Evolutionary Psychology

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Robert Kurzban

The Evolutionary Psychology Blog

By Robert Kurzban

Robert Kurzban is an Associate Professor at the University of Pennsylvania and author of Why Everyone (Else) Is A Hypocrite. Follow him on Twitter: @rkurzban

What Can A Sneetch Teach?

Published 22 May, 2011

With apologies to Dr. Seuss…

In a far off small village, the young ones were raised
To think making pictures was work to be praised.
They learned from the masters, the maestro’s, the greats
Inspir’d by beauty, by stories, by fates.

They’d paint all their pictures, and some weren’t bad
(Tho’ most of them follow’d some fashion or fad)
Now the village was empty of people like me
Instead there lived sneetches. Sneetches you see!

Each sneetch as they aged, they’d learn for a while
To draw their own pictures in particular style
Some sneetches used crayons, or brushes or pens
They draw with sharp angles or boxes or bends

Each sneetch when they’d mastered the style they thought best
Was granted a star, which they wore on their chest.
Some stars were yellow, some pink and some green.
Some sneetches had colors that seldom were seen.

One style of drawing was starting to brew
A way to make pictures that was novel and new
A new color was added when these sneetches drew
A new star was added; its color was blue!

Our story begins with Johnny the sneetch.
He earned his blue star at a school by a beach.
He painted some pictures of some shapes and some lines
He tried different colors, new methods, new finds

He tried to paint pictures as well as he could.
Some pictures were fair; a few were quite good.
He drew in the schoolhouse with sneetches his age
Each page had a picture; each picture a page

The sneetches around him all had their own stars
His star was blue; not so most of thars.
Their stars were green ones as green as the grass
Their pictures were hung at the front of the class

Their pictures were praised, their pictures were fine
Some pictures were good ones. (Much better than mine.)
The green-starred old sneetches had been ‘round for a while.
So lots of the sneetches would draw in that style.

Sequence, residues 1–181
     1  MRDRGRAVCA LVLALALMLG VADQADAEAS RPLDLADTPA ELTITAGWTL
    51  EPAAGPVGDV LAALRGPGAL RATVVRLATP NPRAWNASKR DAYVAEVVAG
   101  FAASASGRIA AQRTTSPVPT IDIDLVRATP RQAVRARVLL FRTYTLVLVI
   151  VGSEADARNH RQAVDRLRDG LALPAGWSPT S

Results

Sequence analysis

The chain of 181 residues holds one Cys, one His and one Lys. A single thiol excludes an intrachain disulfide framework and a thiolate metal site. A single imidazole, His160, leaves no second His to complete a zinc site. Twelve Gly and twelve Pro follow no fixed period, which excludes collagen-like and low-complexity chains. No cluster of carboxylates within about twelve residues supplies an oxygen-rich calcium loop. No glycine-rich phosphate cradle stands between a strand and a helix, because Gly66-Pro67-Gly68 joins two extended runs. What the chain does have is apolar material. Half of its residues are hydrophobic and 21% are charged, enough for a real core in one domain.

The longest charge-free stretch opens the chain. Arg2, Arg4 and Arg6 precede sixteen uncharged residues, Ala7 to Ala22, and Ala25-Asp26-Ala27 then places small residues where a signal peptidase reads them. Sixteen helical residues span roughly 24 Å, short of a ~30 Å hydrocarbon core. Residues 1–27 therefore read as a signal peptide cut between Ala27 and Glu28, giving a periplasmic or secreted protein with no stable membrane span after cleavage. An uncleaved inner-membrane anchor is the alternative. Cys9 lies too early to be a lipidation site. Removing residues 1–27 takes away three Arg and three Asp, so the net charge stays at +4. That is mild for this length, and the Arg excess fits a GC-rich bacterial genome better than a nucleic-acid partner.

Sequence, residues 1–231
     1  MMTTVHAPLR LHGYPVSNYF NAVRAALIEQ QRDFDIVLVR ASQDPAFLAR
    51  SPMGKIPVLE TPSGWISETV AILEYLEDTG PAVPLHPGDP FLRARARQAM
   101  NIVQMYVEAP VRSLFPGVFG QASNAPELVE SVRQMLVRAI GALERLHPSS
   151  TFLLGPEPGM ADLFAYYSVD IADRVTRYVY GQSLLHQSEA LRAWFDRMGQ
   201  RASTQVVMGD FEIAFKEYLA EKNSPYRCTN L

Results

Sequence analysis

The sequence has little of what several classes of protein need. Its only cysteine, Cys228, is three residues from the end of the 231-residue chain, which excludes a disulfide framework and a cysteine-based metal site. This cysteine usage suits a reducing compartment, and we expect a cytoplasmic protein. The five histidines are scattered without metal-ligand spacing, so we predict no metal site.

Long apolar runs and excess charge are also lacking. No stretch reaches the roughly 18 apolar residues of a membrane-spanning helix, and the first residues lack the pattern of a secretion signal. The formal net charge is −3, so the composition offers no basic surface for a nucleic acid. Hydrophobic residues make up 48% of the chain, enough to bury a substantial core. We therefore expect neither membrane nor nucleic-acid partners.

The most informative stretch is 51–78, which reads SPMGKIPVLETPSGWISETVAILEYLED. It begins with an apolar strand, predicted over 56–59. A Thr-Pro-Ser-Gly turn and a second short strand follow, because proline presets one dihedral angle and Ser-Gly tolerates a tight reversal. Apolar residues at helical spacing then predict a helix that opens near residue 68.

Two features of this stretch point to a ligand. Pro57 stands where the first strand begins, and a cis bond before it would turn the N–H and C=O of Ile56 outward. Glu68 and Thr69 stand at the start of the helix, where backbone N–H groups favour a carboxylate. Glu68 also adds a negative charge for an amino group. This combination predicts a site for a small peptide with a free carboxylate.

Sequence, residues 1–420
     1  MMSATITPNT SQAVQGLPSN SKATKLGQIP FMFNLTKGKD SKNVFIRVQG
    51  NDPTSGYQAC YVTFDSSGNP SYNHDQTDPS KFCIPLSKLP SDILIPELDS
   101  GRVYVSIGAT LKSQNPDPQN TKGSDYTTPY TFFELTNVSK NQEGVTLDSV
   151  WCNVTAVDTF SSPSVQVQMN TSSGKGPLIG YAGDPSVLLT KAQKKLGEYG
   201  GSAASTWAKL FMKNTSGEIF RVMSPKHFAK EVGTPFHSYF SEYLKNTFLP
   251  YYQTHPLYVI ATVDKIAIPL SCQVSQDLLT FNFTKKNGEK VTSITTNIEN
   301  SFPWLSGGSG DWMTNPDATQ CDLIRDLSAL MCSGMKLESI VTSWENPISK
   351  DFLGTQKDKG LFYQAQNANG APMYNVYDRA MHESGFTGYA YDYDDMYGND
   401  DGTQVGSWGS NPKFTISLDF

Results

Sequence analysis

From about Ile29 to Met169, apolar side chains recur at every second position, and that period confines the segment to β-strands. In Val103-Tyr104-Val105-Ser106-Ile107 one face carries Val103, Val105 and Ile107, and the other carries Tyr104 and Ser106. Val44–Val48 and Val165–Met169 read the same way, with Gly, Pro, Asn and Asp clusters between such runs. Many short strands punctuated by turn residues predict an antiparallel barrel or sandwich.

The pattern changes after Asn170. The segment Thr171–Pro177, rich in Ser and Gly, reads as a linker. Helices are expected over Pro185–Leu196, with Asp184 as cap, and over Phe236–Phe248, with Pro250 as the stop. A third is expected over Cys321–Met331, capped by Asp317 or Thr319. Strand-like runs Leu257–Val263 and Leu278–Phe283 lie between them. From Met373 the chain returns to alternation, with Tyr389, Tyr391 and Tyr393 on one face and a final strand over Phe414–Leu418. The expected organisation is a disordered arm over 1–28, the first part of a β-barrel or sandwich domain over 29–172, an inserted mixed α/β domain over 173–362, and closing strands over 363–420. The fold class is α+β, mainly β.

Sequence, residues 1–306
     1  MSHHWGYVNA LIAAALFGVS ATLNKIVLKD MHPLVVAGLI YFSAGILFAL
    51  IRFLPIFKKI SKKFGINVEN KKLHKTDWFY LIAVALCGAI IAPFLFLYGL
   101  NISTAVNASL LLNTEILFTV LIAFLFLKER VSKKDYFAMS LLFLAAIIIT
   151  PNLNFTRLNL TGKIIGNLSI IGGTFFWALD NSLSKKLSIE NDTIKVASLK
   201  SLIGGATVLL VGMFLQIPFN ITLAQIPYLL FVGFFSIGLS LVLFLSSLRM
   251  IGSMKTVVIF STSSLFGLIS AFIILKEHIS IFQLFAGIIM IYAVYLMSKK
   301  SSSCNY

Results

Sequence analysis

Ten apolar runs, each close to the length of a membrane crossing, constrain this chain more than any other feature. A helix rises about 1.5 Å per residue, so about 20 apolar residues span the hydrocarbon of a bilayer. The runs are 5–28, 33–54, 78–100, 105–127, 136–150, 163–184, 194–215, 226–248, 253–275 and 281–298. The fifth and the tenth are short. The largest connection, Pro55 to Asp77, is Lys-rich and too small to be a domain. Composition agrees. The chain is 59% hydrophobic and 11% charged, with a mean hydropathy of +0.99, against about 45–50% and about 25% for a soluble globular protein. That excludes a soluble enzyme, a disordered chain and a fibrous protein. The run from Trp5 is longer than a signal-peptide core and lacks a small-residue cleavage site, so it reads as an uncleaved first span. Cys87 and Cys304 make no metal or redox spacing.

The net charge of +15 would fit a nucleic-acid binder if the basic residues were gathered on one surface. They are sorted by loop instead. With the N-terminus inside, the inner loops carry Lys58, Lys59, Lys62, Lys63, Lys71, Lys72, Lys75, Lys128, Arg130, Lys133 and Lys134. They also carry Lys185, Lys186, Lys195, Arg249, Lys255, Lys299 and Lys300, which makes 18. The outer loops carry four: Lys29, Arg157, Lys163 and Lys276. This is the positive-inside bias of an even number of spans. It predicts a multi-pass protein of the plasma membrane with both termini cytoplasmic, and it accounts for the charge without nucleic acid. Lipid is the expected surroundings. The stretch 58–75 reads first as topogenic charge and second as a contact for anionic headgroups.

One day a new sneetch rode into our town.
His star was, well… different. It looked sort of brown.
At first no one noticed, this sneetch who called himself Bill.
His drawings were drawings; he drew what he will.

But sneetches can change those stars on their chest.
Just as easy as changing your pants, or a vest.
One day you could see his star’d he’d erased.
The brown star on his chest he had replaced.

Instead of a brown star, his star was “blue!”
(I looked and I saw it. I know it was true.)
Bill made some more paintings, he painted some lines.
(Though his paintings, my goodness, looked nothing like mine.)

Bill painted and painted and painted some more.
His paintings were paintings, some good and some poor.
And then one day we happened to see.
The paper he drew on had expanded by three!

His paintings were big, his paintings were large.
His paintings were huge, just as big as a barge.
His paintings were viewed from here and from there
His painting were famous! His paintings, I swear!

Then some of his paintings, big as they were.
A few of his paintings, they caused quite a stir.
His paintings were ugly; his paintings were mean.
A few of his paintings had made quite a scene.

And would you believe it? His paintings just grew.
These paintings from Bill with his star that was “blue.”
Sneetches came calling, from near and from far,
To see his big paintings, by train and by car.

Then one day a painting, the biggest one still.
Emerged from the brush of our sneetch name of Bill
It was ugly and brutal; it was loathsome and curs’d.
It was meaner than mean. It was worser than worst.

The sneetches all stared at this painting he’d made.
They stamped and they screamed. They howled and brayed.
“This picture is awful!” They spewed and they spat.
“Your picture is shameful. No sneetch should paint that!”

The sneetches stomped floors and they pounded the ceilings.
“No sneetch should paint pictures that hurt people’s feelings!
A picture’s for sharing ideas that are warm.
It’s wrong to paint paintings that do any harm.”

The sneetches told Bill that he’d done something bad.
They yelled and they shouted. They said they were mad.